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Link Up congratulates David Onley on his appointment as the next Lieutenant Governor of Ontario

Link Up Employment Services for Persons with Disabilities joins the rest of Ontarians in congratulating David Onley on his appointment as the next Lieutenant Governor of Ontario.

As well as being an accomplished author and broadcaster, David is a longtime supporter of disability causes and a booster for many community agencies that assist people with disabilities, including Link Up.

Congratulations David! This is exciting news for all of us.

David was the guest speaker at Link Up’s workshop series launch in October, 2004. At that time, Link Up contributor Bruce Etheridge wrote an article about David which we are pleased to reprise here.

David Onley: A Success Story

By Bruce Etheridge

David Onley, accomplished author and broadcaster and next Lieutenant Governor of Ontario

Most people would be surprised to learn that Citytv’s David Onley, host and co-producer of HomePage, and a CablePulse24 news anchor, space/technology expert, weather specialist, and best selling author did not have a full-time job until the age of 34.

Onley has more than made up for his “"slow start”, however. After carving out a niche for himself as one of Canada’s leading experts on NASA’s Shuttle and space programs, Onley was hired by Citytv co-founder, Moses Znaimer, as Science and Weather Specialist in 1984.

That same year Toronto Life magazine named Onley one of the “Torontonians Most Likely to Succeed” following his accomplishments as a media broadcaster, science specialist, and bestselling author with the release of Shuttle: A Shattering Novel of Disaster.

Over the past two decades, Onley has shown just how prophetic the editors were at Toronto Life. He was the first Canadian broadcaster to receive a National Weather Association Certificate. He was given the “Courage to Come Back” Award in 1996 from the Clarke Institute for his battle with polio and post polio symptoms. Onley was also inducted into the Terry Fox Hall of Fame in 1997 for his ongoing contribution to advance the causes of persons with physical disabilities.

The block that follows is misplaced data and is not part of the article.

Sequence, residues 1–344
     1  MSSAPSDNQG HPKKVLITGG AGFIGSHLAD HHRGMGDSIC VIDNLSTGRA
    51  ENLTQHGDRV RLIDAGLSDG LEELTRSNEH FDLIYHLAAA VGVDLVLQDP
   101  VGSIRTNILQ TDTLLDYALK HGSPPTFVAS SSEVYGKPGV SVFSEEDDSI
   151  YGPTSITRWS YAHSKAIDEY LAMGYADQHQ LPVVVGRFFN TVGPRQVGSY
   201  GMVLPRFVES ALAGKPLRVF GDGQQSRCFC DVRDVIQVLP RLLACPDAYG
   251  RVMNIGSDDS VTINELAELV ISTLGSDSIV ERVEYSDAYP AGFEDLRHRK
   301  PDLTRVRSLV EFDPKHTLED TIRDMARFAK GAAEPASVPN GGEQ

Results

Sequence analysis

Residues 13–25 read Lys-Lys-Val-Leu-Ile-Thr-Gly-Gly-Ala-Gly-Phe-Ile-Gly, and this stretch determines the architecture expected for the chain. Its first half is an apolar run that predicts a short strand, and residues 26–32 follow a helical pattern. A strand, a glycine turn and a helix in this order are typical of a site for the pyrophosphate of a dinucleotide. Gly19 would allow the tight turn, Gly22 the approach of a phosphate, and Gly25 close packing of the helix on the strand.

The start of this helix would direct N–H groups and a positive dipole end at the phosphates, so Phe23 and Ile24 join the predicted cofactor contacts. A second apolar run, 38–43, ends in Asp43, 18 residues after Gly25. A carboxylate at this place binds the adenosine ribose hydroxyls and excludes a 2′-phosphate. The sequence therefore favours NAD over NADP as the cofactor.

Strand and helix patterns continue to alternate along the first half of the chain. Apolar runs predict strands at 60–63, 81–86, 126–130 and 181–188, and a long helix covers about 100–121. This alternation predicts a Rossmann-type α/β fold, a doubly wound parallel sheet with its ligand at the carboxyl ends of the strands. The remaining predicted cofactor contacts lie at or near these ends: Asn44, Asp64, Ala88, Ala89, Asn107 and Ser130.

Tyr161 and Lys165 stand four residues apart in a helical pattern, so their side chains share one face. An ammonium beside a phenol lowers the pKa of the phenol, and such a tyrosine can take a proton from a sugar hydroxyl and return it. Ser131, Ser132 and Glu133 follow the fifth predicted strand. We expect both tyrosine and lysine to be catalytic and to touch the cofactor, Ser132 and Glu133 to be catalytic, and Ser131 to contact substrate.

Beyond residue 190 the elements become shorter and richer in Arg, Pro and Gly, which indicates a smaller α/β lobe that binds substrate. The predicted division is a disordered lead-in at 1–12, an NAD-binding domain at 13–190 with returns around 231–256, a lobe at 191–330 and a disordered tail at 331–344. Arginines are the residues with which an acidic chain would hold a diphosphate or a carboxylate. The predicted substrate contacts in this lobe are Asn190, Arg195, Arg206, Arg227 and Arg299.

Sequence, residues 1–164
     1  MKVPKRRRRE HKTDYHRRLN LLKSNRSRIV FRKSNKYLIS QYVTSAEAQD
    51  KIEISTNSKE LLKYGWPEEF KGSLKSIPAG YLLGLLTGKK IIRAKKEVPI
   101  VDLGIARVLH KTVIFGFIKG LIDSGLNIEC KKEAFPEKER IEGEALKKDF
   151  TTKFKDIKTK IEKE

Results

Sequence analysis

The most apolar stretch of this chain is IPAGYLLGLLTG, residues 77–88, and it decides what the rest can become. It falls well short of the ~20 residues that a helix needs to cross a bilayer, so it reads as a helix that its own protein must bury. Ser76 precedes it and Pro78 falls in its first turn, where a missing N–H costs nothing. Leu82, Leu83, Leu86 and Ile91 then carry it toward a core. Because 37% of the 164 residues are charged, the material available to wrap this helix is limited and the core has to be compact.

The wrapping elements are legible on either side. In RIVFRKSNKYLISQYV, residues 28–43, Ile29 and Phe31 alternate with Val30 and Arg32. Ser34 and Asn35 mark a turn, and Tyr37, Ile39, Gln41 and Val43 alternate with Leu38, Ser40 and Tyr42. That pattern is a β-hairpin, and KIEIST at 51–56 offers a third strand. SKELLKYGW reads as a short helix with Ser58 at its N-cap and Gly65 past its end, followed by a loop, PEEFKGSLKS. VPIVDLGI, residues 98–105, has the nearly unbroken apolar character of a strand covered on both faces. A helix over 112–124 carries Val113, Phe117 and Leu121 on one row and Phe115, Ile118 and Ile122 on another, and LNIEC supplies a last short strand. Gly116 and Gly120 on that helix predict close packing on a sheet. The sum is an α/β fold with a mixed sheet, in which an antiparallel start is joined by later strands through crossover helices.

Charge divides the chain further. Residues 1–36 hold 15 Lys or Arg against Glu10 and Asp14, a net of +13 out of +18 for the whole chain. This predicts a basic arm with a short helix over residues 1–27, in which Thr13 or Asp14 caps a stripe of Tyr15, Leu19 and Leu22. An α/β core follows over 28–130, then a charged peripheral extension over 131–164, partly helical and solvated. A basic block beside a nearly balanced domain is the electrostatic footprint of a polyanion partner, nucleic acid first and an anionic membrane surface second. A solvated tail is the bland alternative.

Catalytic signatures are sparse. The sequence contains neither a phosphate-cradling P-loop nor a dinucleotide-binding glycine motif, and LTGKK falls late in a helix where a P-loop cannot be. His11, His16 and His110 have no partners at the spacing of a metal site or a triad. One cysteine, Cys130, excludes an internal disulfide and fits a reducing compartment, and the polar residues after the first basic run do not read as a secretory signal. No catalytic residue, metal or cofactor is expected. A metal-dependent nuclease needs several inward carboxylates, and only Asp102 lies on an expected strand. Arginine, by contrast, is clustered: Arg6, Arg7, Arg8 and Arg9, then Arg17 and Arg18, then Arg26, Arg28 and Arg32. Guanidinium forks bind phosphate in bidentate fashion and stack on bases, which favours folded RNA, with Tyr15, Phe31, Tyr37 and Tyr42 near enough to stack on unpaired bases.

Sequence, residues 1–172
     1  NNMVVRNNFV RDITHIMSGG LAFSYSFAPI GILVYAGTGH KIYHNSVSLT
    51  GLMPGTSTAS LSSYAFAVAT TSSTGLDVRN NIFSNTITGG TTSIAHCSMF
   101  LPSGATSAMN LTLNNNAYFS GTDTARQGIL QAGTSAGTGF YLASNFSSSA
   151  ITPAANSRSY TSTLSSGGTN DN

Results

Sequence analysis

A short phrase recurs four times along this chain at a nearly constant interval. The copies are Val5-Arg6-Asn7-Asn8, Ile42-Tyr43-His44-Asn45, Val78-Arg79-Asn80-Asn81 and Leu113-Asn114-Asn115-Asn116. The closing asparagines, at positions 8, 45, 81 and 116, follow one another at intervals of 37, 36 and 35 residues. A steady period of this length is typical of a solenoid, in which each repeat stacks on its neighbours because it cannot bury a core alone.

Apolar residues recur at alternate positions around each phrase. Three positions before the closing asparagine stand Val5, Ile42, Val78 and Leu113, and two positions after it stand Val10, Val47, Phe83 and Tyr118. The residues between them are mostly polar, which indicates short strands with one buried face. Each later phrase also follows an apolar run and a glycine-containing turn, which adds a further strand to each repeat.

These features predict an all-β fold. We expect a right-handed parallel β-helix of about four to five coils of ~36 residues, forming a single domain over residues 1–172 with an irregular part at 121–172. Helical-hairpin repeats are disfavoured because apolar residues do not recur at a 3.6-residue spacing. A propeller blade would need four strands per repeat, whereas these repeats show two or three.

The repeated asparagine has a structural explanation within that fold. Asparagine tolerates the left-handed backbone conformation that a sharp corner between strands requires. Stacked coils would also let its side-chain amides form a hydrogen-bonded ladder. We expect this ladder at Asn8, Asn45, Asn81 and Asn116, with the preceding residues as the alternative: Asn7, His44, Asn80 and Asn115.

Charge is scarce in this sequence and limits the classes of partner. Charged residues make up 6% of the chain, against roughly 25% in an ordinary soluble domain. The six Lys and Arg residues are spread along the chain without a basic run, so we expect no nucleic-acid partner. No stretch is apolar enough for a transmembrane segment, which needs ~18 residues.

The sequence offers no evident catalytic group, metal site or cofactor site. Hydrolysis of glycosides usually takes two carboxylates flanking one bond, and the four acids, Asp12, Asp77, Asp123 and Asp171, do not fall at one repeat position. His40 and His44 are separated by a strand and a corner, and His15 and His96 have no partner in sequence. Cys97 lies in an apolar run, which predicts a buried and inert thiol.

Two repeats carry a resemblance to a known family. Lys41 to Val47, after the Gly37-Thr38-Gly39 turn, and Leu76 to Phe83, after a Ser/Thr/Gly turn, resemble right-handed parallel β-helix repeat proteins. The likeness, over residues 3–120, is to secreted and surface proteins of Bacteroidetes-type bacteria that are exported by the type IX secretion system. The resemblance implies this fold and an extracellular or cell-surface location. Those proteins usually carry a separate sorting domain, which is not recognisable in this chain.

The road to success has not been an easy one for the Scarborough, Ontario, native.

“Getting a university degree was a seven year process for me – from age 20 to 27,” Onley says. (He also took a one-year hiatus during that seven-year period.)

Onley completed first year law at Windsor University before transferring to the University of Toronto where he graduated with a Bachelor of Arts in Political Science, Honours, and a Specialist Certificate in Politics in 1975. Upon graduating, however, Onley found himself with an education but no job.

“I decided to write a book at the age of 27 because, number one, I had an idea, and number two, because I could not find a job.”

The timing for his novel appeared ideal. The Shuttle program had rekindled public interest in space exploration (not since the Apollo missions to the moon had anything grabbed media headlines as the Shuttle program.) The first mission was scheduled for 1979 – it was now 1977 – so Onley had two years to complete his novel.

But two things happened. First, the Shuttle program was delayed two years (the first Shuttle launch did not take place until 1981) and, second, it took Onley much longer to write his book than anticipated.

“My parents were extremely supportive,” he says. “They allowed me to continue to live under their roof while I wrote my book, which took almost three years to complete.”

There were many “dark moments” and “depressing times” during the writing of his novel, Onley concedes. “I’d see my friends not only getting jobs but buying cars and homes and building careers.”

When Shuttle: A Shattering Novel of Disaster was released in 1982, Toronto Star columnist Joey Slinger dubbed Onley “Arthur Hailey Number 2” (Hailey’s book Airport spawned an entire genre of disaster movies.) Shuttle became a bestseller and Onley began appearing on Canada AM and radio stations promoting his book.

“While researching the book I absorbed a tremendous amount of knowledge about space and the space program,” he says. Onley used this knowledge not only to promote his novel but also to build a reputation as one of this country’s premier experts on NASA’s Shuttle and space programs. The book provided the opportunity Onley had been waiting for.